• #4
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Berkeley
 
  • #5
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Make sure you complete at least one Math subject SAT II and either Bio, Chem, or Physics subjects SAT IIs in addition to your SATs. They must be recent scores (no older than 3 years or you'll have to re-take them) in order to be eligible for application to MIT. Other than that, the transfer process is relatively similar to other schools.

Caltech doesn't require any formal testing scores, but they do require you take an entrance exam which lasts approximately ~7 hours and covers the topics of maths/physics. AFAIK there are no sample tests or leaked exams going around on the internet, but if there are then they're probably difficult to find. But the rumour is that they are heavily proof-based. Caltech's transfer statistics say only about 5 out-of-state transfer students are admitted each year out of the entire pool, so you will have to work very hard (not that you won't have to for MIT).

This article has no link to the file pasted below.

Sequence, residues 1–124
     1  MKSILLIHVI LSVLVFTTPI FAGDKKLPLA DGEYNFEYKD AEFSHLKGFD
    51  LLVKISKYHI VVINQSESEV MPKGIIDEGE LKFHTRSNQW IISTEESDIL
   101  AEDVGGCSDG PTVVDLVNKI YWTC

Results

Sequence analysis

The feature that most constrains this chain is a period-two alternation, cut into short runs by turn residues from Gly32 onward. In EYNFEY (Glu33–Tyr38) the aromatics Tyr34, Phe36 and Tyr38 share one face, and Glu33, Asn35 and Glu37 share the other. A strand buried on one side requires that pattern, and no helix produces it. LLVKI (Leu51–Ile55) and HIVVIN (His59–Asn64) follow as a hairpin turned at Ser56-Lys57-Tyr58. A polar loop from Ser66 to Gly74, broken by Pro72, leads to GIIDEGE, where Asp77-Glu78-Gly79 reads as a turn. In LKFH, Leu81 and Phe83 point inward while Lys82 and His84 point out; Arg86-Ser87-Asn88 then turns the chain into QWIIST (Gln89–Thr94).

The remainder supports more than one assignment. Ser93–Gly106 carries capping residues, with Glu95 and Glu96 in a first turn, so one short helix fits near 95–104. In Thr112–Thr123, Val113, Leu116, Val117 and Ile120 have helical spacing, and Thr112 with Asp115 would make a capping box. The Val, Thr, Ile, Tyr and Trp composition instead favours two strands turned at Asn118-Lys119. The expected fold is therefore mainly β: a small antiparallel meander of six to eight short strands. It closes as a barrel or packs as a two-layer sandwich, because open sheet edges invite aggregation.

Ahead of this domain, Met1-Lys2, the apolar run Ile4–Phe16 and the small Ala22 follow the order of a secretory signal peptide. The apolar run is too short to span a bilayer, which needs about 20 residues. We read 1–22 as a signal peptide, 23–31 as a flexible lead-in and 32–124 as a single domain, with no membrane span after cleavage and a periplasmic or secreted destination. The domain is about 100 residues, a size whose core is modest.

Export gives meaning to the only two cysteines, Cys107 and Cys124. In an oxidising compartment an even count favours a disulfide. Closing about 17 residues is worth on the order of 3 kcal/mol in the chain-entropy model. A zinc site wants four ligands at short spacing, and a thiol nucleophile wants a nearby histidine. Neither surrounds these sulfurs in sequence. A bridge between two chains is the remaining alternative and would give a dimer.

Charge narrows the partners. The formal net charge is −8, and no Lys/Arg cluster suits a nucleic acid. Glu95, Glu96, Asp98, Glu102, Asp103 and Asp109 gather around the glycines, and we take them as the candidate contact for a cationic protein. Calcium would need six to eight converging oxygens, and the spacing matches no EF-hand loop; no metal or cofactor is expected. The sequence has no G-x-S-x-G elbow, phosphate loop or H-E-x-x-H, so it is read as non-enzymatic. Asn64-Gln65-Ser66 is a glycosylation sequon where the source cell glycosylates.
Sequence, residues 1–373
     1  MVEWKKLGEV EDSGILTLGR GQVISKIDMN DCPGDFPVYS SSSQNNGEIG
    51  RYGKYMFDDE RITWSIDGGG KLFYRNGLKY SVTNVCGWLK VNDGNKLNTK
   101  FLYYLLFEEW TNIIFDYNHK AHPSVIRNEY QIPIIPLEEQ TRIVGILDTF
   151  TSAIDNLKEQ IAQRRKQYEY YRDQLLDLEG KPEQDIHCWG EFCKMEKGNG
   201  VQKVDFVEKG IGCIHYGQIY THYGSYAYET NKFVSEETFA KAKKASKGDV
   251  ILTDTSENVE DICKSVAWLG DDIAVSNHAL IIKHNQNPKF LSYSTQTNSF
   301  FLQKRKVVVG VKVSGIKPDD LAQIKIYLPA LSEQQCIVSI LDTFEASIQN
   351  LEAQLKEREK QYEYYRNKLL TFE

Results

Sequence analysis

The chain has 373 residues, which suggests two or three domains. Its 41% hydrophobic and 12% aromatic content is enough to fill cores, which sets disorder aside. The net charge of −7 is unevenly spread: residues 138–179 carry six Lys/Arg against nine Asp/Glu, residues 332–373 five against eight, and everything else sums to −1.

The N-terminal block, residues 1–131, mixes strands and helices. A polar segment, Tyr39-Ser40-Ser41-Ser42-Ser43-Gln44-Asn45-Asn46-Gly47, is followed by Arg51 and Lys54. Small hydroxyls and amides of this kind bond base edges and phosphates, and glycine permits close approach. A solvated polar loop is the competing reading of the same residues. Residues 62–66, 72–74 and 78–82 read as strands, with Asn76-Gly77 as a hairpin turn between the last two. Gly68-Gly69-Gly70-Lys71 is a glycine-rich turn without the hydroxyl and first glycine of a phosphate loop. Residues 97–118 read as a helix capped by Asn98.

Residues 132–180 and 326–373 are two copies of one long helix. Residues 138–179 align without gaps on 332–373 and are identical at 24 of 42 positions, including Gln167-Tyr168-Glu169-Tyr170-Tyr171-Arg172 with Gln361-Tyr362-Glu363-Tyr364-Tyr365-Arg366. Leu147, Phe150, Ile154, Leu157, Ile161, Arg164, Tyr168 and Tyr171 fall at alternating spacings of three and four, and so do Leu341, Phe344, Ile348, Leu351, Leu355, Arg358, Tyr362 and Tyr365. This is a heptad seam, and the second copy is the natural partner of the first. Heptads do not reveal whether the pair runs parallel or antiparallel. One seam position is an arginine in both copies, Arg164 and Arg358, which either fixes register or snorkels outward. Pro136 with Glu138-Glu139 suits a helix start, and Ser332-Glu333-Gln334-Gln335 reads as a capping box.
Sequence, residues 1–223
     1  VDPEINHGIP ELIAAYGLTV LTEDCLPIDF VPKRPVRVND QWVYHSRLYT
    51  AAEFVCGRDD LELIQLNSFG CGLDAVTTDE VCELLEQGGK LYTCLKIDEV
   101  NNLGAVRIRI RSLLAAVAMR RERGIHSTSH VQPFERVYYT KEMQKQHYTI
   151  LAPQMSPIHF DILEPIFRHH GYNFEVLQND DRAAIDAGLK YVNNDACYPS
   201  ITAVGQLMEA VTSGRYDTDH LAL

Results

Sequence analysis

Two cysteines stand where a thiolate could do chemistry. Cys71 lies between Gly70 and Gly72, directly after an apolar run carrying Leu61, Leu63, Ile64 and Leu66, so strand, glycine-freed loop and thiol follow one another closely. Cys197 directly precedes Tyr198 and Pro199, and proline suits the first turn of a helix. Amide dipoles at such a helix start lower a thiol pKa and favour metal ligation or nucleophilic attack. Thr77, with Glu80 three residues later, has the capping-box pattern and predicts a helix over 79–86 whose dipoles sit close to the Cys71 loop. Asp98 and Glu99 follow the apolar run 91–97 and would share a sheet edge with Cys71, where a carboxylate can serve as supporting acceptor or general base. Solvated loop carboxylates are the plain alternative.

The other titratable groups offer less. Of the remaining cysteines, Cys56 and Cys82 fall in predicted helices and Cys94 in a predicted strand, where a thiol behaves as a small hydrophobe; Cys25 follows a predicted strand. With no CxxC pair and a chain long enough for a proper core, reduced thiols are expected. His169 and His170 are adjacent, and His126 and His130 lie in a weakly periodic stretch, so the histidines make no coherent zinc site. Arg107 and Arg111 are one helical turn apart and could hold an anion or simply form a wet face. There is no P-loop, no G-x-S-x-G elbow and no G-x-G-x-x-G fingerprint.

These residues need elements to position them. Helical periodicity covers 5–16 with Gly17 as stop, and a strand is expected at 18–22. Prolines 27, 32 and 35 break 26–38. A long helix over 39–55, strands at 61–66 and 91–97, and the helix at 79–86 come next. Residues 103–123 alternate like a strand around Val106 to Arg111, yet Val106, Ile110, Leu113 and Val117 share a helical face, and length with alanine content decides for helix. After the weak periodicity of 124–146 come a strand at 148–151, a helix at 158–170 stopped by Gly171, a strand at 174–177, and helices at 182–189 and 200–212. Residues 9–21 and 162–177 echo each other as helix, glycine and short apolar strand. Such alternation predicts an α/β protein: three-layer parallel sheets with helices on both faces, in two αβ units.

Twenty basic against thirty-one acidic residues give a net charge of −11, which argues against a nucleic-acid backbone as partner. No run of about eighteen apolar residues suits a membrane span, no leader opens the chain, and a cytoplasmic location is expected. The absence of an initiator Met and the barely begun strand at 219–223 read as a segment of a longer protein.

• #6
eri
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Half the students who get into CalTech each year as freshmen have already done original research in their field with a college professor or at a national lab. They did this while in high school. To get in as a transfer, you need to have even more going for you than a freshman applicant. Almost all their own physics students will be involved in research projects by their junior year. They don't want to take any students who are further behind.